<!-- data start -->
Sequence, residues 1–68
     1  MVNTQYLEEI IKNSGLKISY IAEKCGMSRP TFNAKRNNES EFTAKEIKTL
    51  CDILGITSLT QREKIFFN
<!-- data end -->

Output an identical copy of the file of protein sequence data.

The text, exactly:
Sequence, residues 1–68
     1  MVNTQYLEEI IKNSGLKISY IAEKCGMSRP TFNAKRNNES EFTAKEIKTL
    51  CDILGITSLT QREKIFFN